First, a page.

Immersive experts: Q and A with Olivia Lory-Kay

Ahead of our Remixing Reality session Senior Consultant Olivia Lory Kay shares her story and explores the exciting future of immersive for learning.


Hi Olivia! Can you tell us a bit about your background in immersive?

My background in immersive is within theatre. I left New Zealand and moved to Germany, working between Berlin and Karlsruhe at the Centre for Art and Media (ZKM). The ZKM was home of a lot of early proprietorial technology exploration, across arts and the sciences. A lot of the pioneers of what became VR converged around the institute.

So, that was my first experience of immersive – big audio-visual installations with interactions coded into them but taking place in rooms (and in one instance across robots) rather than through head mounted displays.

I then left that world and got involved in more standard film practices, working in documentaries for TV, short form drama and then marketing and communications filmmaking. The communications agency I worked for bought one of Palmer Luckey’s first Oculus prototypes before it was acquired by Facebook and I thought ‘Oh, ho, this all looks very familiar.’ (The ZKM had a museum filled with early versions of VR.)

I could see that the worlds I’d been involved in during their early experimental phases were going to go mainstream, and that screen-based film media were going to evolve quickly.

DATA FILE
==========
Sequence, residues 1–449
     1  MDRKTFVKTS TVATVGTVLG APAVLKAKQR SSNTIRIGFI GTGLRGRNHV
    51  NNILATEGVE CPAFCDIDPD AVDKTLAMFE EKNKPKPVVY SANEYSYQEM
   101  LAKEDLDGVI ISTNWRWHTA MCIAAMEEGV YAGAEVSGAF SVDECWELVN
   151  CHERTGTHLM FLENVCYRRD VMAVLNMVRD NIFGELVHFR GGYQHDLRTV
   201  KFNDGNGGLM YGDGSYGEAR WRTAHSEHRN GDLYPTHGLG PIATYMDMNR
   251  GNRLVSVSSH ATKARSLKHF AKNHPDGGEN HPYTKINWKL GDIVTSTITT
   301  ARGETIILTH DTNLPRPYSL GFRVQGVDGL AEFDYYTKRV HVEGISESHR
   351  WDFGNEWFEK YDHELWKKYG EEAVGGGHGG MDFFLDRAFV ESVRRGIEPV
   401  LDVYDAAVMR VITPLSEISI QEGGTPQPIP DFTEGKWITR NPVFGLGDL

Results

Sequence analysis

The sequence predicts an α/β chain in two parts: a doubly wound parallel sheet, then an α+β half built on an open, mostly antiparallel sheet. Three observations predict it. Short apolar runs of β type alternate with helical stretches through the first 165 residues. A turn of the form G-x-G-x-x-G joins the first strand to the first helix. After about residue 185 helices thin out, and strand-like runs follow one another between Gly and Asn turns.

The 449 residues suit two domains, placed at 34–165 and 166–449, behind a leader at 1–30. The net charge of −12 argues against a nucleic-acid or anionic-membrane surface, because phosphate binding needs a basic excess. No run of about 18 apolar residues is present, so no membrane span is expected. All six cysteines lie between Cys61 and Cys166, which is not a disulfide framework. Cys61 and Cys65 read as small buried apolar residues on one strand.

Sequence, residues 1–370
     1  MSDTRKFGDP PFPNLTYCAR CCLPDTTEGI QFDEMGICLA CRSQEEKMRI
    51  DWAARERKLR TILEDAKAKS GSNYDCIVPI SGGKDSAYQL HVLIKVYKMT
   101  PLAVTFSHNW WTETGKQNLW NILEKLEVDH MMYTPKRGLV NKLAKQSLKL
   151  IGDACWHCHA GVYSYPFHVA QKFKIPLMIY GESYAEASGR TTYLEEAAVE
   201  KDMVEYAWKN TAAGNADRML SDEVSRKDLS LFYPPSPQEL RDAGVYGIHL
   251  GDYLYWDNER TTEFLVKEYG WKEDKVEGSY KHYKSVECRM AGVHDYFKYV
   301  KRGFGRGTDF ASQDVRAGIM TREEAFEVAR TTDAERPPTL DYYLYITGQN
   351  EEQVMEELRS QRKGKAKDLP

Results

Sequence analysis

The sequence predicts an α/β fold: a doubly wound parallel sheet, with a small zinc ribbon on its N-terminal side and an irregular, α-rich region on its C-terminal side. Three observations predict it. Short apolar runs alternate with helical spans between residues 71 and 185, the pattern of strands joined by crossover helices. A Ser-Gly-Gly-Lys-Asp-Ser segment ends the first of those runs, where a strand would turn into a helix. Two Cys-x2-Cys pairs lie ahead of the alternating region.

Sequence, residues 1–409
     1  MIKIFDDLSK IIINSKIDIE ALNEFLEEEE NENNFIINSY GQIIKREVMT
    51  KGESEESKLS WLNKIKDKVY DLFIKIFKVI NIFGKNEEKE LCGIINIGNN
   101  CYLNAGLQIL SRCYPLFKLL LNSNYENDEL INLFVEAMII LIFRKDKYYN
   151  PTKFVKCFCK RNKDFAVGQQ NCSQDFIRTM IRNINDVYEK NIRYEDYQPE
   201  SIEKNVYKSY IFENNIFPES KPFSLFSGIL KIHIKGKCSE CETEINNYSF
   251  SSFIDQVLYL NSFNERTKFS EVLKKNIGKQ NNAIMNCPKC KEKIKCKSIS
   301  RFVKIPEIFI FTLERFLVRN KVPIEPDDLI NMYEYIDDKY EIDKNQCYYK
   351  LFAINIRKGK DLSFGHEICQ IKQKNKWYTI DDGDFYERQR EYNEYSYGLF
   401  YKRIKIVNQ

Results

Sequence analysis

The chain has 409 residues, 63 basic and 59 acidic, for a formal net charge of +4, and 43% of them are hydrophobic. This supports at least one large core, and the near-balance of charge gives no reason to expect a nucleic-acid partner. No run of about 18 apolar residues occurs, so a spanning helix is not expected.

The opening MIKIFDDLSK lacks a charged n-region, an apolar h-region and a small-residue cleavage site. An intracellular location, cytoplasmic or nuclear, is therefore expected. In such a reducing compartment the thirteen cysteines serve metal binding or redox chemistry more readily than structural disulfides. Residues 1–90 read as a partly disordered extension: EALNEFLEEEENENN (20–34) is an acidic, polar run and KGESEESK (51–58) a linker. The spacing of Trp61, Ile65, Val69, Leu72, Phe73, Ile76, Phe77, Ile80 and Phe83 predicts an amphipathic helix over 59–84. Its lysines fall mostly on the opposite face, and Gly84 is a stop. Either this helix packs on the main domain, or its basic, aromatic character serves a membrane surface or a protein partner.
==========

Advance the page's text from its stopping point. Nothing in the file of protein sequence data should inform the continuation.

I then took up a position at immersive studio INITION (where Mike also worked) working between strategy and business development. It felt like coming home, except things weren’t taped together and the code was a lot less glitchy!

I’ve wanted to keep working between visual communications and emerging technologies and XR (extended reality) is the perfect playground.

What was your first, best or most memorable encounter with immersive content?

I have a rather eclectic selection: video installations by pioneers like Bill Viola, Tacita Dean and Steve McQueen – at an Imax seeing Avatar, and more recently at INITION with the Philharmonia’s The Virtual Orchestra.

On projects I’ve worked on personally: taking an immersive experience inspired by Philip Treacy’s Spatium to South by Southwest’s VR cinema in 2017 and seeing people’s reaction.

In terms of VR content making a difference, it must be Cornerstone Partnership’s ‘Being Me’ – a VR experience designed to help people understand the impact of trauma on children.

Why did you decide to take what you’d learned in your career into the field of L&D?

My experience working with Cornerstone Partnership and prior to that, with Rotary International and Unicef on VR content to raise awareness about some of the really very difficult problems we face as a global society.

Through those projects I saw how organisations could work in a nimble way, get quickly ahead of the technology curve, and bring stories to the world in a way that really makes an impact. We are so saturated with content – immersive enables an emotional connection when you can be ‘in the moment’ and experience something for yourself.

The impact of that can stay with you and actually change what you might think or do. For learning and development currently, that is a huge advantage.